Objective: Fitbit Zip™ (FBZ) is a low-cost user-friendly device that could help motivate individuals post-stroke to increase their physical activity. However, inaccuracy in step counts from altered gait variables could cause dissatisfaction and reduce compliance. The aim of this study was to determine the influence of gait variables on the concurrent validity of the FBZ. Method: In a cross-sectional study, 19 community-dwelling stroke survivors (mean 66 (SD 8) years) wore a FBZ at the non-paretic hip, and were videoed completing a six minute walk test (6MWT). Steps recorded by the FBZ were compared against the criterion standard of manually counted steps from video-recordings. Spatio-temporal gait parameters were calculated, and gait quality was assessed using the Wisconsin Gait Analysis (WGA) tool. Concurrent validity of FBZ was determined using Kendall's Tau correlation coefficient. Linear regression analysis determined the association between gait parameters, quality, and FBZ accuracy. Results: A very strong correlation was observed between the FBZ steps and manual counting (τ = 0.80, p < .001). Step difference demonstrated significant negative association with gait velocity (R2 = 0.35, B = -59.94, p = .007), and positive association with WGA score (R2 = 0.69, B = 4.59, p < .001), indicating poor FBZ accuracy in participants with lower speed (≤0.8m/s) and poor gait quality (WGA score>16). Conclusions: FBZ is an accurate measure of step activity in independent ambulators with stroke walking at speeds > 0.8m/s, but accuracy can be compromised with lower speed and poor gait quality. Clinicians should consider gait velocity and quality before advising FBZ as a motivational tool to increase physical activity in individuals post-stroke.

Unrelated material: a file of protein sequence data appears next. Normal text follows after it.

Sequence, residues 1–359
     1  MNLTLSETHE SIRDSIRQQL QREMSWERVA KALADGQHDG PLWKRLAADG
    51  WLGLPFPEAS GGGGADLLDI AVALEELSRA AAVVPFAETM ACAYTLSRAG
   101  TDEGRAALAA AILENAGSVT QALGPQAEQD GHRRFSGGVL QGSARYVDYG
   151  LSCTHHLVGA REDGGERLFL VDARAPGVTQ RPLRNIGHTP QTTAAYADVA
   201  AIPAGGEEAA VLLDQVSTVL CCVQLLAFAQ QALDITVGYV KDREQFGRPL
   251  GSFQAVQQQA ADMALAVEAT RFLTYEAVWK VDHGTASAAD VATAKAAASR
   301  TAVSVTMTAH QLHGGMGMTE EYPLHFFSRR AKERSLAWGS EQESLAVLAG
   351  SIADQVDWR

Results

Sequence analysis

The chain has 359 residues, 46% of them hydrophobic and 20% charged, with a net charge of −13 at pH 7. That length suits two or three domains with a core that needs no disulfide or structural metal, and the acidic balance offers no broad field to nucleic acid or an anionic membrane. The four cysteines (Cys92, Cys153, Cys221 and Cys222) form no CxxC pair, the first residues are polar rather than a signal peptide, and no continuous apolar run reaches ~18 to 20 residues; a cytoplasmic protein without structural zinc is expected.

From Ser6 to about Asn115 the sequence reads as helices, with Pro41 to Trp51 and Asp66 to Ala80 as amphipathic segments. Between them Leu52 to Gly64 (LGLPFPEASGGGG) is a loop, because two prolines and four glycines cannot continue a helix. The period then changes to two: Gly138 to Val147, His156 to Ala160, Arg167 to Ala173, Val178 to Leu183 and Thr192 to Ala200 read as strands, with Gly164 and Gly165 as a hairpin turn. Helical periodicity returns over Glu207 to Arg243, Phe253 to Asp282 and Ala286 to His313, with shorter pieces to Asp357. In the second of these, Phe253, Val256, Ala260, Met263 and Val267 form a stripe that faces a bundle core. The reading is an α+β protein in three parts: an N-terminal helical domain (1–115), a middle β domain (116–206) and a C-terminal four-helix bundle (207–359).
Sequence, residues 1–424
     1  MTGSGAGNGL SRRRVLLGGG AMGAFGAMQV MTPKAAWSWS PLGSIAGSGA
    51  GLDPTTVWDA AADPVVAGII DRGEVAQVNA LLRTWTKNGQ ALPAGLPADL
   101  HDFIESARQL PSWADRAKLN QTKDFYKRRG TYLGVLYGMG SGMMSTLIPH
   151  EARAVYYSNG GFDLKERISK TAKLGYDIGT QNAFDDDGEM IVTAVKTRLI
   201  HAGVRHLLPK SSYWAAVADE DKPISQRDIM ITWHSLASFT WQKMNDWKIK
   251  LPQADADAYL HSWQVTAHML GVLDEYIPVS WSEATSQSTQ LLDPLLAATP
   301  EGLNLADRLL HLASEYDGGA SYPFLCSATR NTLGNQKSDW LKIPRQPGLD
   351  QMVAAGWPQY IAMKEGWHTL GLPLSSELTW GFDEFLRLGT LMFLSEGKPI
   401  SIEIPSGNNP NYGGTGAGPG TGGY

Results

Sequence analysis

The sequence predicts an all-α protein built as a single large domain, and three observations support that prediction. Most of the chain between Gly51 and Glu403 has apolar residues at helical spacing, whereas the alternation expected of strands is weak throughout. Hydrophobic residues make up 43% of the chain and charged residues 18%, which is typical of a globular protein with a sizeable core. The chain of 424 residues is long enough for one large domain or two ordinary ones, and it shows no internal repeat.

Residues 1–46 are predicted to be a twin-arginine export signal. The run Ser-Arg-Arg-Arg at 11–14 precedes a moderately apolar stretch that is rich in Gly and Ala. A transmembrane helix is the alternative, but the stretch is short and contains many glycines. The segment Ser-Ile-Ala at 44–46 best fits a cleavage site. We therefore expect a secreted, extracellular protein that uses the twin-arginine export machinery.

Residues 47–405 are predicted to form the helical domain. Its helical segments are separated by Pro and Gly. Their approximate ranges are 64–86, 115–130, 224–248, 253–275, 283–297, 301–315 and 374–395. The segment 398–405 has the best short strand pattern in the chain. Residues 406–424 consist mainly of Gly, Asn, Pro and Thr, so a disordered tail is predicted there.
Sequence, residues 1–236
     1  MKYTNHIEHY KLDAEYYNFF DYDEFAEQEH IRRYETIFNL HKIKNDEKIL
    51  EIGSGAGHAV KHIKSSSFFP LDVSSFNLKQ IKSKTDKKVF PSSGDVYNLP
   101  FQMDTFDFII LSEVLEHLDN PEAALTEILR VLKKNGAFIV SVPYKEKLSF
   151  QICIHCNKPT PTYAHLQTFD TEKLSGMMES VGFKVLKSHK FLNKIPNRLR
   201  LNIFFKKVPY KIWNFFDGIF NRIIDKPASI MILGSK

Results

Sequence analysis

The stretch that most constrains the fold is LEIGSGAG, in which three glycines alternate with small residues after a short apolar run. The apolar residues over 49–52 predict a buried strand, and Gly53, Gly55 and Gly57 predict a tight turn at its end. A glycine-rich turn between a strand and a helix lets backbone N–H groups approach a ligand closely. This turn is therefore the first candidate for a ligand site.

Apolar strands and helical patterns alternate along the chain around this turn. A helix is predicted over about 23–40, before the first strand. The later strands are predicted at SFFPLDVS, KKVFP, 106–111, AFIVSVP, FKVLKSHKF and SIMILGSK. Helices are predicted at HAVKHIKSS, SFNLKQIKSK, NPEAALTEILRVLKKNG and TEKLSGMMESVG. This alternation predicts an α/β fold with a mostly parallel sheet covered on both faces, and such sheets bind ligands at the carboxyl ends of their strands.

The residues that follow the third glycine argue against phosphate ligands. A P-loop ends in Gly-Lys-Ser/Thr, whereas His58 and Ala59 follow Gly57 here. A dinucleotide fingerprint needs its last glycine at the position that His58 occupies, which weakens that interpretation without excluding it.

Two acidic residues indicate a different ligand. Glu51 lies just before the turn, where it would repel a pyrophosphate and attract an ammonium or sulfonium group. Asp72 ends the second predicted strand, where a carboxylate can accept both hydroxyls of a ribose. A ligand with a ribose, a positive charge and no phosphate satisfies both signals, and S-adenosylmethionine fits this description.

Keywords: Accuracy; Fitbit Zip; Physical activity; Stroke.
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